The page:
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From the Publisher
"Milton Seligman and Rosalyn Darling have done a wonderful job describing the impact a child's disability can have on a family. They deserve special praise for their attention to the frequently overlooked concerns of fathers, siblings, and grandparents. The user-friendly discussion of family systems and the many insightful quotes from family members will make this book valuable to family members and service providers alike." --Donald J. Meyer, MEd, Director, Sibling Support Project, Children's Hospital and Medical Center, Seattle, Washington; editor of Uncommon Fathers: Reflections on Raising a Child with Special Needs.
"The second edition of Ordinary Families, Special Children continues in the fine tradition of the first. The book, firmly anchored in empirical research, brings the laboratory data alive with commentary by mothers, fathers, and others who love a child with a disability. Seligman and Darling offer a critical look at the literature, blended with human wisdom about coping effectively in the face of a family crisis." --Sandra L. Harris, PhD, Professor and Dean, Graduate School of Applied and Professional Psychology, Rutgers, The State University of New Jersey
"The revised edition of this superb text provides a comprehensive review of the topic which is relevant to an international readership. It contains an extremely readable account of the essential information needed by professionals in order to develop effective working relationships with parents of children with disabilities. It should be on the required reading list for all teachers, social workers, therapists, psychologists and medical staff concerned with childhood disability." --Garry Hornby, PhD, Senior Lecturer in Education, University of Hull, England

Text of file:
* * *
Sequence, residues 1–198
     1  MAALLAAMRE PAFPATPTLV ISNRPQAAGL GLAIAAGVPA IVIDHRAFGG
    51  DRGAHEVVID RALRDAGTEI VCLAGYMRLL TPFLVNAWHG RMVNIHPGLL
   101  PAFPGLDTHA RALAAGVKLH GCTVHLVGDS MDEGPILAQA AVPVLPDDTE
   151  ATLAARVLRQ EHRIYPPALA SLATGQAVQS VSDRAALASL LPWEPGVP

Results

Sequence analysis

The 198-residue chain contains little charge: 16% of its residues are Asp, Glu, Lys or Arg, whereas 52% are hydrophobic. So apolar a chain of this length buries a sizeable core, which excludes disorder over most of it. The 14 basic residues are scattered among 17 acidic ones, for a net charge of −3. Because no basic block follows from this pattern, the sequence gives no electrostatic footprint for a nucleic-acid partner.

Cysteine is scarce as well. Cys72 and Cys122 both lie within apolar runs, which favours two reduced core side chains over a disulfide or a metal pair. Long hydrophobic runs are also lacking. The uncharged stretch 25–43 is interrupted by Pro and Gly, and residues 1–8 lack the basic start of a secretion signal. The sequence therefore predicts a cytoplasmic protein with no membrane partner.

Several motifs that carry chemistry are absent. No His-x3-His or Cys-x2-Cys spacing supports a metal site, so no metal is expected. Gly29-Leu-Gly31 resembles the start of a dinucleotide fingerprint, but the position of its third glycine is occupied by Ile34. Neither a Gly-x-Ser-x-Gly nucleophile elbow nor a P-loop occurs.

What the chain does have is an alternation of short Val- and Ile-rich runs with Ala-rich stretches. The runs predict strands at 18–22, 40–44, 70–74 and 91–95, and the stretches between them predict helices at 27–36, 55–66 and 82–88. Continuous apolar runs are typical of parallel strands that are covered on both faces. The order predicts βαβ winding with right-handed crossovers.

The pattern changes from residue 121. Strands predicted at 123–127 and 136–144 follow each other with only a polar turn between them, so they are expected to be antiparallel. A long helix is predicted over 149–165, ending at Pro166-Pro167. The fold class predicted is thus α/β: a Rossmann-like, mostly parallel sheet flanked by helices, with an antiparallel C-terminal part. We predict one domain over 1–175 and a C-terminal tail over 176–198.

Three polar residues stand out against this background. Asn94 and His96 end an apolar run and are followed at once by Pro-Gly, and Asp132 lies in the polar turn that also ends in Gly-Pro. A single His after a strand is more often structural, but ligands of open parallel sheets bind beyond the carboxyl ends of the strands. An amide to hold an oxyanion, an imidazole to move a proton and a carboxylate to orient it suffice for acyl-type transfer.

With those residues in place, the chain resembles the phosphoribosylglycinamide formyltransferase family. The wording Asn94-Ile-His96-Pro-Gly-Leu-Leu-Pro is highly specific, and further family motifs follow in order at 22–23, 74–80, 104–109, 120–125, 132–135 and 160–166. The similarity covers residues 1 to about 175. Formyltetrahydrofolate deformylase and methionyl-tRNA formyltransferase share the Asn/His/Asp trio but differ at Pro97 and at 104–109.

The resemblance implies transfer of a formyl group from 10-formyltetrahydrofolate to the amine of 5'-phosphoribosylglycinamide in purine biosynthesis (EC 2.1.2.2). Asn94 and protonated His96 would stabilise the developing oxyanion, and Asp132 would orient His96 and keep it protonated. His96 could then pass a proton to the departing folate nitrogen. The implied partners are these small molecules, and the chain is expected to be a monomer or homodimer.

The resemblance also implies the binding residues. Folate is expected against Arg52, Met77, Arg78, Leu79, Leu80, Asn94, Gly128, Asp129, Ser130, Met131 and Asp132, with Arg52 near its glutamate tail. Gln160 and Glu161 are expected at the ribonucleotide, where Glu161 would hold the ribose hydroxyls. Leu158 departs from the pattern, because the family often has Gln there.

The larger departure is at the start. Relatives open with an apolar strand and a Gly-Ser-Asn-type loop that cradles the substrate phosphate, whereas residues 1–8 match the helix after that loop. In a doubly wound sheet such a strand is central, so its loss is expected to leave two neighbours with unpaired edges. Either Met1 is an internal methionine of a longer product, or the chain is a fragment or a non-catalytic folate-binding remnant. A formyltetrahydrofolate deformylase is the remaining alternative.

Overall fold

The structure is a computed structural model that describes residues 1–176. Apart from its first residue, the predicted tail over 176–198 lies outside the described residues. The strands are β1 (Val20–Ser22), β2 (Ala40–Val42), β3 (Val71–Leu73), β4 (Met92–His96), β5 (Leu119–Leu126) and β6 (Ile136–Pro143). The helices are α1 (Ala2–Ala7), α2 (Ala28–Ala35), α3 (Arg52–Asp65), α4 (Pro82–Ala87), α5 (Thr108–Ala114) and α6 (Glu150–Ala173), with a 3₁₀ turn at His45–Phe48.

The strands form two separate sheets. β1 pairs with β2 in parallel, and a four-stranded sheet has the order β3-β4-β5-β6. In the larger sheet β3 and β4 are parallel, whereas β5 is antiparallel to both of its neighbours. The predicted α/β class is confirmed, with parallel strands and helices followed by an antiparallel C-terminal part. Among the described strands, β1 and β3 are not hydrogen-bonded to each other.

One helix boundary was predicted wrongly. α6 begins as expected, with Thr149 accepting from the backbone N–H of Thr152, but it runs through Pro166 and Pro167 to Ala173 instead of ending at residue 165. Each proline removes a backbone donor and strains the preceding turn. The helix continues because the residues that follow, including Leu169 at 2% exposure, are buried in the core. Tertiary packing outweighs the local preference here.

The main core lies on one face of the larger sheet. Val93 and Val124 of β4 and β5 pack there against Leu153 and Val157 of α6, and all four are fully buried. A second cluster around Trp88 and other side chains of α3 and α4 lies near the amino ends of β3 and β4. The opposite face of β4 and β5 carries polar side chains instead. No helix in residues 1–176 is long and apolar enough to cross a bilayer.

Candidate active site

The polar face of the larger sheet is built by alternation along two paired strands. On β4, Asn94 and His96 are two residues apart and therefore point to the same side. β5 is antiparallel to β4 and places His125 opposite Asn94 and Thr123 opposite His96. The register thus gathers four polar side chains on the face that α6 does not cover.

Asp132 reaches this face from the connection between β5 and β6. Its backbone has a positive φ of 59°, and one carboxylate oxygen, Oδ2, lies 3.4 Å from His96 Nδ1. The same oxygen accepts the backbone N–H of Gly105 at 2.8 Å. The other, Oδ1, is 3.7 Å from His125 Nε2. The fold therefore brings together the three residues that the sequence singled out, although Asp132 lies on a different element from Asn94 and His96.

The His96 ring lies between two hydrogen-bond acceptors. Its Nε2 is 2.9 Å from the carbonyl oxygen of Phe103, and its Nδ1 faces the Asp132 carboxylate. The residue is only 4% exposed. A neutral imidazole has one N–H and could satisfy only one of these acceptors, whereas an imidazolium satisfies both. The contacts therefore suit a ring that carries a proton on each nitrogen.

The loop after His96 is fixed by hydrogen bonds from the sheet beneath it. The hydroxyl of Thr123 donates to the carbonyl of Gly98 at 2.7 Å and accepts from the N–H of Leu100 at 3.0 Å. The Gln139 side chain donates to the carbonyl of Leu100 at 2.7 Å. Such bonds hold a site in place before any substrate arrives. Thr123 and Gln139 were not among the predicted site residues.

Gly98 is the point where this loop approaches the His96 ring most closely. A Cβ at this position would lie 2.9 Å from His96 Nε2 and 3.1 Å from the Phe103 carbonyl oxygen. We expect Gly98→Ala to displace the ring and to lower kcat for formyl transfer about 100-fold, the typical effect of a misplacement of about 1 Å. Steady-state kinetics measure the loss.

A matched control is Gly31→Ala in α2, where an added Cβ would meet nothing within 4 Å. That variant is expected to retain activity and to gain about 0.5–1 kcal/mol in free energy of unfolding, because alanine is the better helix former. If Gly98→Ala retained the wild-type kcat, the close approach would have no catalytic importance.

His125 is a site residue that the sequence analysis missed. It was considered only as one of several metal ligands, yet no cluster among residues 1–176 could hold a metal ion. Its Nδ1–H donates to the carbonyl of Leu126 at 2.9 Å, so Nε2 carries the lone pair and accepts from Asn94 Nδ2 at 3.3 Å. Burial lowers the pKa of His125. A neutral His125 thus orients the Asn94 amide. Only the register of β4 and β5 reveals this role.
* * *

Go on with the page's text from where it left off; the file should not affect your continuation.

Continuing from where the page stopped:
"...An important work...Its summaries of research and theory provide an excellent overview and introduction to work with families with disabilities." --Diana Garland, Journal of Family Ministry
"Honest, respectful and empathetic dealings with developmentally disabled youngsters and their families is difficult for school professionals because so few of us have walked in their shoes. This book has provided my school psychology students with the knowledge and skills needed to work effectively with the families of the developmentally disabled. It goes further than the first edition by providing additional materials and including recent research, new programs and approaches that have emerged during the past several years, legal changes, and new resources that have been developed for families." --Marla Brassard, PhD